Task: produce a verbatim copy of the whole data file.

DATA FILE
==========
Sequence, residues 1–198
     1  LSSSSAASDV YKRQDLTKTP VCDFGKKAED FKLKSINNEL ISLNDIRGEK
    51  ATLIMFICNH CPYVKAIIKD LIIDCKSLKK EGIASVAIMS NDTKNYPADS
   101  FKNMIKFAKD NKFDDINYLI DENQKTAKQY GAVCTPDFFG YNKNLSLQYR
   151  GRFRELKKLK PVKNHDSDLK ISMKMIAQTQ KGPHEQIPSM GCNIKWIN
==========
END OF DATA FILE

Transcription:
Sequence, residues 1–198
     1  LSSSSAASDV YKRQDLTKTP VCDFGKKAED FKLKSINNEL ISLNDIRGEK
    51  ATLIMFICNH CPYVKAIIKD LIIDCKSLKK EGIASVAIMS NDTKNYPADS
   101  FKNMIKFAKD NKFDDINYLI DENQKTAKQY GAVCTPDFFG YNKNLSLQYR
   151  GRFRELKKLK PVKNHDSDLK ISMKMIAQTQ KGPHEQIPSM GCNIKWIN